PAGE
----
2. "For this reason, St. Francis de Sales counsels us to pause, ever so briefly, before anything we do and make a threefold prayer in which we ask for God's grace, offer to God the action we are about to do, and promise to accept whatever will happen to us in the process."

    This is going to be my goal this week, *especially* while teaching. Once I get into the habit of it, I think it will be easier to remember to pray as I go. I like the thought of doing this often throughout the day before we do anything.

    "By professing humility at the outset and offering our work to God, we do the only things we can do. We cannot control circumstances. We cannot determine outcomes. But we can lessen any frantic concerns about what may or may not happen to us by entrusting all that we do into 'the fatherly hand of our good God and Savior.'"
    I need this reminder. Often. God isn't going to leave me hanging, and I need to trust Him more. He has a plan, even if I can't see it or understand it right now. He's preparing me for it.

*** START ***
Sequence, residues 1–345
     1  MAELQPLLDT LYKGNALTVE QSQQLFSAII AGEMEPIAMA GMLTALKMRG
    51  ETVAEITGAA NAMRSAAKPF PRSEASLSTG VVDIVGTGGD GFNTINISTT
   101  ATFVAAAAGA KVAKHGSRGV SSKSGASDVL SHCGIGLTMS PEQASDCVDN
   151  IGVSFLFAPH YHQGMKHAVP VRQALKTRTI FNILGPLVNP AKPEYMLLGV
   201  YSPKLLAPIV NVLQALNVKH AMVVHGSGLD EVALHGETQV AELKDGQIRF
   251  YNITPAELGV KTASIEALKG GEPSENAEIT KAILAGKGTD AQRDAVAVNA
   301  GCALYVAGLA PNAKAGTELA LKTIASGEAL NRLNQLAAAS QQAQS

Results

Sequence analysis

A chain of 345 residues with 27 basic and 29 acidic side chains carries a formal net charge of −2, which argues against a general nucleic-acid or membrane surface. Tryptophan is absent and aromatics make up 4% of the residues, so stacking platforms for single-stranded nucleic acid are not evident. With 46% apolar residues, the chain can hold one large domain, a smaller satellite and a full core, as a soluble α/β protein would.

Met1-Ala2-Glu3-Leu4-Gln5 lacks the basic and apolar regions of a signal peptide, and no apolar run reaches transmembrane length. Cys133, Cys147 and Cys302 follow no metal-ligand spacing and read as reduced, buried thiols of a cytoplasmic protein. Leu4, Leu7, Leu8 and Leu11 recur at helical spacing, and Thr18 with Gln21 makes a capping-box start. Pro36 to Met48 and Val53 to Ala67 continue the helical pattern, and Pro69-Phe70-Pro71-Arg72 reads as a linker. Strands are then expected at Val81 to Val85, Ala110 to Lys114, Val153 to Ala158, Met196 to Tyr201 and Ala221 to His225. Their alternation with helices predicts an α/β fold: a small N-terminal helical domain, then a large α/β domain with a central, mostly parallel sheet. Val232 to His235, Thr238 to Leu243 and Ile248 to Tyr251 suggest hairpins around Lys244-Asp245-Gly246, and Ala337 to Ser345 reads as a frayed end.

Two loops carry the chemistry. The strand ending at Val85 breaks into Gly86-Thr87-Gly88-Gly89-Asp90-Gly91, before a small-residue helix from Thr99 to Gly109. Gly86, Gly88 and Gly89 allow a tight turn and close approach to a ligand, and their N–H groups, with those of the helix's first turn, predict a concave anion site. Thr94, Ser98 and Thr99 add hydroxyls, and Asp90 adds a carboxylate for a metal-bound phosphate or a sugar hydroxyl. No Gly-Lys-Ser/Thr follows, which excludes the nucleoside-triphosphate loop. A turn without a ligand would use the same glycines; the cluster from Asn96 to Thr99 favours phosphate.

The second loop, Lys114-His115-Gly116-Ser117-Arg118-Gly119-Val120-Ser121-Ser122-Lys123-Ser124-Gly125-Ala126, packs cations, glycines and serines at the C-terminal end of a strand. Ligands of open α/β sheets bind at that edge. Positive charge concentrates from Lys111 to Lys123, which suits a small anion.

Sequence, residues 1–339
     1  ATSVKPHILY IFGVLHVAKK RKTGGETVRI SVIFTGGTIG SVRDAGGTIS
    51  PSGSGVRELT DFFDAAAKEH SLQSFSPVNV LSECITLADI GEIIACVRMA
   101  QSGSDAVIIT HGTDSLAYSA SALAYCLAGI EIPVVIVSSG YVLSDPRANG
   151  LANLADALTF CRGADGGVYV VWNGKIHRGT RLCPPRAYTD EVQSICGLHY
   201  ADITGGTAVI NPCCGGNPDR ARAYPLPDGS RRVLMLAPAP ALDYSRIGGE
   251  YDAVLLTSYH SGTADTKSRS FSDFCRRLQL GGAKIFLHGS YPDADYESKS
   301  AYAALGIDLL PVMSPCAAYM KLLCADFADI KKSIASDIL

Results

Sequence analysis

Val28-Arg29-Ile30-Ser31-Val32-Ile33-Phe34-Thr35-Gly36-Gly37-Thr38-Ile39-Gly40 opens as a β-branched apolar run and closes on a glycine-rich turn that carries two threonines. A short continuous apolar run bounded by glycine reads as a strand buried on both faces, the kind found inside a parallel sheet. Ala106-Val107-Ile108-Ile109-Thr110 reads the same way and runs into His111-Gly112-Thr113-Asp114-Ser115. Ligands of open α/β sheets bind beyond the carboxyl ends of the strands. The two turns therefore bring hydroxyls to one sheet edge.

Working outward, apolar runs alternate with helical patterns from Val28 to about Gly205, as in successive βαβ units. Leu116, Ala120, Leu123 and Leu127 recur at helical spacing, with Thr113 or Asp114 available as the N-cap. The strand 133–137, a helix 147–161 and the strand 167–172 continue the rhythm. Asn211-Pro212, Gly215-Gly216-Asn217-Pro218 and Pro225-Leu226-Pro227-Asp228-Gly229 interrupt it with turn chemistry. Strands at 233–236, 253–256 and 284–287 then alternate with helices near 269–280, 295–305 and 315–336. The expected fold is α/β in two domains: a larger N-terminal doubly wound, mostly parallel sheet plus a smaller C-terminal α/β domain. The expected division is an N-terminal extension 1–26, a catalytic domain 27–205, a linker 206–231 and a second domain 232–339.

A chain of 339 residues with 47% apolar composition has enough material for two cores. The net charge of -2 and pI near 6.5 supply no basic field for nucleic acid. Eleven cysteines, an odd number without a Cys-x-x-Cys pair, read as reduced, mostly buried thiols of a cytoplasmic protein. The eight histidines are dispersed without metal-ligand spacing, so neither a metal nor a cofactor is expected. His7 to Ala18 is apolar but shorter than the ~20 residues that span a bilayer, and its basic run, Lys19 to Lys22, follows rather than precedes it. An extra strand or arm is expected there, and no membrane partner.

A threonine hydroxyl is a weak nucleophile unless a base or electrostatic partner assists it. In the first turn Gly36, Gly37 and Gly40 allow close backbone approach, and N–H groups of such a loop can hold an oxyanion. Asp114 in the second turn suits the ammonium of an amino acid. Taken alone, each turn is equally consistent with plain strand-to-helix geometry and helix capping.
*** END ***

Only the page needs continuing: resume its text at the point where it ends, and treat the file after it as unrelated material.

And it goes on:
1. Hi Sam!

      I think this chapter might provide the biggest Lenten fodder for me, aside from also consistently praying a morning offering. We should try this for all of Lent: Ask, offer, Accept. This can be our mantra. ;-) #solidarity

    2. I agree! That's a simple reminder to send back and forth 😉

  3. I had a harder time this week. More in making the time to read the chapter than with the actual content of the chapter. Therefore this quote really stood out to me, “With so many things calling for our attention, we often run the risk of doing more than being.” While I've done a decent job with the morning offering, this aspect of praying through out the day will take effort to be become a habit. A perfect project for lent.

    1. Hi Melanie,

      Right?! I really think it's the perfect Lenten add-in. :)